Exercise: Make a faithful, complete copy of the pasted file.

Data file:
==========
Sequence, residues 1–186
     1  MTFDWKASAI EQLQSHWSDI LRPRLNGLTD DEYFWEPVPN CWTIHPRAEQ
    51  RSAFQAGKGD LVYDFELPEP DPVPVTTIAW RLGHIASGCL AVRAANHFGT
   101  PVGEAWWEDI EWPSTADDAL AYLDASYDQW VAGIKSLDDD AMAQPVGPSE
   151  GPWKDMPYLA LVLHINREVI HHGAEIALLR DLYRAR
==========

Sequence, residues 1–186
     1  MTFDWKASAI EQLQSHWSDI LRPRLNGLTD DEYFWEPVPN CWTIHPRAEQ
    51  RSAFQAGKGD LVYDFELPEP DPVPVTTIAW RLGHIASGCL AVRAANHFGT
   101  PVGEAWWEDI EWPSTADDAL AYLDASYDQW VAGIKSLDDD AMAQPVGPSE
   151  GPWKDMPYLA LVLHINREVI HHGAEIALLR DLYRAR